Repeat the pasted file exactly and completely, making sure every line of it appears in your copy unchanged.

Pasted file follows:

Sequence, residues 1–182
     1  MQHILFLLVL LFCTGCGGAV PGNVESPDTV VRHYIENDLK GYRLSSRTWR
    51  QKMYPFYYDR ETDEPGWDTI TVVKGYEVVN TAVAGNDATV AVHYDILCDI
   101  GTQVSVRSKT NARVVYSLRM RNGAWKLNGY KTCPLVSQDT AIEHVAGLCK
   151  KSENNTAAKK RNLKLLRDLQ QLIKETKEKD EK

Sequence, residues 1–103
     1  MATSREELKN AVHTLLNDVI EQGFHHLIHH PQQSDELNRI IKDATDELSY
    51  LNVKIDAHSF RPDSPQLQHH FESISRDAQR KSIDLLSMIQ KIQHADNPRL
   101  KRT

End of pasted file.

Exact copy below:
Sequence, residues 1–182
     1  MQHILFLLVL LFCTGCGGAV PGNVESPDTV VRHYIENDLK GYRLSSRTWR
    51  QKMYPFYYDR ETDEPGWDTI TVVKGYEVVN TAVAGNDATV AVHYDILCDI
   101  GTQVSVRSKT NARVVYSLRM RNGAWKLNGY KTCPLVSQDT AIEHVAGLCK
   151  KSENNTAAKK RNLKLLRDLQ QLIKETKEKD EK

Sequence, residues 1–103
     1  MATSREELKN AVHTLLNDVI EQGFHHLIHH PQQSDELNRI IKDATDELSY
    51  LNVKIDAHSF RPDSPQLQHH FESISRDAQR KSIDLLSMIQ KIQHADNPRL
   101  KRT